Dyslexia In The Classroom

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The emphasis on literacy and education is ever on the increase, and greater numbers of children as well as adults need help to learn to read, write, spell, and master the rules of grammar, in order to express themselves on paper. Children with dyslexia in the classroom, who find it particularly difficult to acquire literacy skills, are often at a great disadvantage.

Children with dyslexia in the classroom, who may often be the target of ridicule and abuse by their peers, may suffer anguish and trauma because of their difficulties.

However, this can be remedied by integrating the children with dyslexia in the classroom into the learning environment, so that the child may not only feel comfortable but also be helped to develop self esteem and confidence.

It is vital for class teachers, in particular, to understand the problems of children with dyslexia in the classroom, and misunderstanding of the child’s behavior should be avoided. It is important to understand that a dyslexic child often has poor short term auditory memory that makes it difficult for him to retain instructions and inputs from the teacher.

In an encouraging and positive environment, even a dyslexic child may be helped to enjoy feelings of self worth and success.

Given below are some useful suggestions which teachers can follow while teaching children with dyslexia in the classroom.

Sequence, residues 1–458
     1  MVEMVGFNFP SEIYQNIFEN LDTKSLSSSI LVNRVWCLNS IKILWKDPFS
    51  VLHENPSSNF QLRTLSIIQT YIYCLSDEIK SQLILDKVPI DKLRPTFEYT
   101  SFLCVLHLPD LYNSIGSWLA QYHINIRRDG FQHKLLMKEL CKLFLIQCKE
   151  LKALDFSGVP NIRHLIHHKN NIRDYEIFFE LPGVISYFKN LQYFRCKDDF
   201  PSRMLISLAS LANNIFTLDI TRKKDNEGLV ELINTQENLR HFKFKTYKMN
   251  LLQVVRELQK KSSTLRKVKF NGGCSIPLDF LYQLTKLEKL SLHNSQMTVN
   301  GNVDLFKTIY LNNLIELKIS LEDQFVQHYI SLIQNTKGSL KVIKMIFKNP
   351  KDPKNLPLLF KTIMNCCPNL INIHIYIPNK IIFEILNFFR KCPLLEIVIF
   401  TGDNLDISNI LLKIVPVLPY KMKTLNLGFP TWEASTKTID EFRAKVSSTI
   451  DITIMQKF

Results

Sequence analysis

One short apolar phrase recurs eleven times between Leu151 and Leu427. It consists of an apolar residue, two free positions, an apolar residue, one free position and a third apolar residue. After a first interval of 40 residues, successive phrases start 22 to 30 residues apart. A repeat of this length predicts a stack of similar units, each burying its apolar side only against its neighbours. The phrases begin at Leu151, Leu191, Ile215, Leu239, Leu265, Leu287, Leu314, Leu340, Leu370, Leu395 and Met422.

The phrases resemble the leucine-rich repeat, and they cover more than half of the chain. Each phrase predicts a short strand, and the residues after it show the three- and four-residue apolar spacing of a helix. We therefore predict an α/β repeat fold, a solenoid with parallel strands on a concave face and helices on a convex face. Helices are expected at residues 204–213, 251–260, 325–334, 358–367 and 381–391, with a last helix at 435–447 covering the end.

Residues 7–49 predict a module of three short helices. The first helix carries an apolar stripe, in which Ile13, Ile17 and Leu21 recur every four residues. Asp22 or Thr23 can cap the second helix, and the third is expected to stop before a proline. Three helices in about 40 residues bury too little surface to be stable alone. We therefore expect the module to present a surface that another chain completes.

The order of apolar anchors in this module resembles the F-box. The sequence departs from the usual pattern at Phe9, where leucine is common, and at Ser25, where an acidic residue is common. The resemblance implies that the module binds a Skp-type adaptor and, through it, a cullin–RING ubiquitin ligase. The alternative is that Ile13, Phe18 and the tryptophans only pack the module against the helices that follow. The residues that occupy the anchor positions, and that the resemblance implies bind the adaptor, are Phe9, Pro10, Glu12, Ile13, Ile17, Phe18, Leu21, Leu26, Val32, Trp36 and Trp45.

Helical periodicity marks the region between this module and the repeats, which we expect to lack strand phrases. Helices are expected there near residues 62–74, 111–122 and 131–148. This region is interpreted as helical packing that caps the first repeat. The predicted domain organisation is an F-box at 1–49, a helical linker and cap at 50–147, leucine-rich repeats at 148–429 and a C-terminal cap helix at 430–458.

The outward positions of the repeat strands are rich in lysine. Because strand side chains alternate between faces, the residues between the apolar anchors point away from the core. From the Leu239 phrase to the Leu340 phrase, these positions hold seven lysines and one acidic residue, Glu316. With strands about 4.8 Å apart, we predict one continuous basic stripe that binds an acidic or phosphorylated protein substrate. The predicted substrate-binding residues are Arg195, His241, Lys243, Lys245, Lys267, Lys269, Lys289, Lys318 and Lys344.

Helpful steps to follow in the classroom:

Let the dyslexic child not sit near noisy or distracting children, or at the back of the classroom. A child with dyslexia in the classroom may find it difficult to concentrate if he/she is disturbed by constant fidgeting, talking or interruptions.

As it is already tough for the child with dyslexia in the classroom to concentrate on his work, no time constraints should be put on him as this only adds to his pressure.

When grading a child with dyslexia in the classroom, he/she should not be marked down when the mistakes are not directly connected to the work. For instance, if the student is working on punctuations, there is no need to put a red pen on spelling errors or poor handwriting. Let the child concentrate on one job at a time.

Giving homework

Dyslexic children have to work much harder than other children all day in school, so they shouldn’t be burdened with too much heavy homework, as he may already have unfinished assignments from the day’s work.

If the lessons are broken down into smaller units, it will be easier for the dyslexic child to grasp. All lessons should be introduced sequentially.

It is a very good idea to allow dyslexic students to use any technology that may be at their disposal, like word processors, calculators, or he/she may even tape record the lectures in class to listen at his own pace later.

Ensure that the children with dyslexia in the classroom are able to communicate freely. They can be asked if the methods to help them are working for them or not; they can also be asked what they think will work for them.

What is Dyslexia